The Spanish Association for Value Analysis (AEV in Spanish) first-quarter report on the housing market argues there is still no sign of increasing house prices at a national level, whatever the official figures say.
84 per cent of the professionals consulted by the AEV agreed that there are no clear signs of a general rise in property prices. So nothing has changed on that front since the AEV presented its first report in February, even though expectations of economic growth have improved since then.
However, the survey also revealed that property prices are rising in some segments characterised by supply shortages and investor interest, in particular on the coast where foreign buyers are also active. This confirms the emergence of a two-speed housing market in Spain, with prices simultaneously rising and falling in different segments.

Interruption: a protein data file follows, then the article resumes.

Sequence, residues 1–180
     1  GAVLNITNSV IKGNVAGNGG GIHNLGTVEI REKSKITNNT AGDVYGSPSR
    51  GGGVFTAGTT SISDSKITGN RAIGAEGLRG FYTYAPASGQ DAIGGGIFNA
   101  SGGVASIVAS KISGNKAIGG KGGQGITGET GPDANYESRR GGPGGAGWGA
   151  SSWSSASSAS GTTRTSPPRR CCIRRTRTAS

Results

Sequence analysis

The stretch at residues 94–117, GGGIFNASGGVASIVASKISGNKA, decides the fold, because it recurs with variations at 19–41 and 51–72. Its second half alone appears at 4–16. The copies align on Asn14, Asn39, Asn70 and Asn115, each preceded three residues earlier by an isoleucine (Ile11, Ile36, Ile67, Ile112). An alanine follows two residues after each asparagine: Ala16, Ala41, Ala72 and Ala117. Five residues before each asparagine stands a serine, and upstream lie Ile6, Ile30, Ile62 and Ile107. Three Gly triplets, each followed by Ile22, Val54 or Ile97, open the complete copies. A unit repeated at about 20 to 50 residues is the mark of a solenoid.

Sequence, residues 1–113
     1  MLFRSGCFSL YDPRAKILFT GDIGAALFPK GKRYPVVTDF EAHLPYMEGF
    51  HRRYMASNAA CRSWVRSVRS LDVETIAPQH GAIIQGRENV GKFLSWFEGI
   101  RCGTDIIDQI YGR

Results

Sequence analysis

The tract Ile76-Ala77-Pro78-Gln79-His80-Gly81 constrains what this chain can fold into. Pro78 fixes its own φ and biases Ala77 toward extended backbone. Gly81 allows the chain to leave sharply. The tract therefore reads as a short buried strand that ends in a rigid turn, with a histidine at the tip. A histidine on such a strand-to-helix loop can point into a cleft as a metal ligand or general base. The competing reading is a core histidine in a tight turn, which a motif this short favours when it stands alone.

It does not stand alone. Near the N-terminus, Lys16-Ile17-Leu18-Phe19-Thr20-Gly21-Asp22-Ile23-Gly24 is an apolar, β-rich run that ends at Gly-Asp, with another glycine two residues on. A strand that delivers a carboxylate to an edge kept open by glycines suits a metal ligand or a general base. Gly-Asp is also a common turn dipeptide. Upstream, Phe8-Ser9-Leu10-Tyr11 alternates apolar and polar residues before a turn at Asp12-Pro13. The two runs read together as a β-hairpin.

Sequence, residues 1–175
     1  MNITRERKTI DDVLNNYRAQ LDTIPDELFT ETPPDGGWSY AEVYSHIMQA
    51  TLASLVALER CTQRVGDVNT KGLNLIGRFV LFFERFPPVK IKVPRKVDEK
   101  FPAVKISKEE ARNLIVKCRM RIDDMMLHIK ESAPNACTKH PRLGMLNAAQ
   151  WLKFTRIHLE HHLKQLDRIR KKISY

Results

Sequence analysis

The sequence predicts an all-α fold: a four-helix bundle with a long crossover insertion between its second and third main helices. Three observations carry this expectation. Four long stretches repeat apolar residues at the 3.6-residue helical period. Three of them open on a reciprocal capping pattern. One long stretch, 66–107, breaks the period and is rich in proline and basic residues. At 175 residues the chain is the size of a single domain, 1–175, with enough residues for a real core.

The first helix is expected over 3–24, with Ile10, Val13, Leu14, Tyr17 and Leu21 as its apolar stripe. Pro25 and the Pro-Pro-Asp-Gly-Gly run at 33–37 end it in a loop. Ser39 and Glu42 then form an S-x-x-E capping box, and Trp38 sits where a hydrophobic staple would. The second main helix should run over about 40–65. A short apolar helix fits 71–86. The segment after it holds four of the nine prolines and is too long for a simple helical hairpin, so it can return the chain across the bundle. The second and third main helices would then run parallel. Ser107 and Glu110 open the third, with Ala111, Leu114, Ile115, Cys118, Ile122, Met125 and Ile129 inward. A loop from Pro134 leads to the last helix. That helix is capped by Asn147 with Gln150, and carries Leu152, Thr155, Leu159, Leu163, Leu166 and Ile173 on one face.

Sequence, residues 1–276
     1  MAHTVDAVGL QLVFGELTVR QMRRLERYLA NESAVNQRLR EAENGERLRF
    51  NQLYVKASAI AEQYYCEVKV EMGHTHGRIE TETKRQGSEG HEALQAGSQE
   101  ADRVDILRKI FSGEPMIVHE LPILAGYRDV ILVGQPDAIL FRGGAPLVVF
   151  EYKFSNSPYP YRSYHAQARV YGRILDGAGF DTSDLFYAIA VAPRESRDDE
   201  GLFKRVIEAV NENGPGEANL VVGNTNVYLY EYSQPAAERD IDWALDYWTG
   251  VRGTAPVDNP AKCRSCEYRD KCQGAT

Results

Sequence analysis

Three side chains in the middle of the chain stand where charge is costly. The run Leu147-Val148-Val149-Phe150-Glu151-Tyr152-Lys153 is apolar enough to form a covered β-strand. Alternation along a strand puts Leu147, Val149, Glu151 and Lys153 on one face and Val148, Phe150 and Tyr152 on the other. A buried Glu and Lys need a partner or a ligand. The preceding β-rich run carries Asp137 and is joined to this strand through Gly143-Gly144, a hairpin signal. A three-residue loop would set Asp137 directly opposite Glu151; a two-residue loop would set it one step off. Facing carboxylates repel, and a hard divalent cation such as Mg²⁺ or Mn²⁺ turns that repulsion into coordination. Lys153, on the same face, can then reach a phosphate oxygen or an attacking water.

The majority of professionals surveyed believe that, despite big peak-to-present declines, current price levels are not enough to kick start a country-wide recovery since the property market is largely governed by structural factors like demographics, employment levels, and the cost of borrowing. But that might change with time if Eurozone interest rates continue to stay low, and appealing investment alternatives remain scarce.
60 per cent of respondents expect the market to stabilise, followed by a slow recovery, though most also agree there is too much uncertainty around to forecast what the new cycle will look like.
Nevertheless, the AEV report does argue that recovery will be strongest in large cities and coastal areas that attract foreign demand, as happened after previous economic crises, and 21 out of 25 professionals surveyed agree with that claim.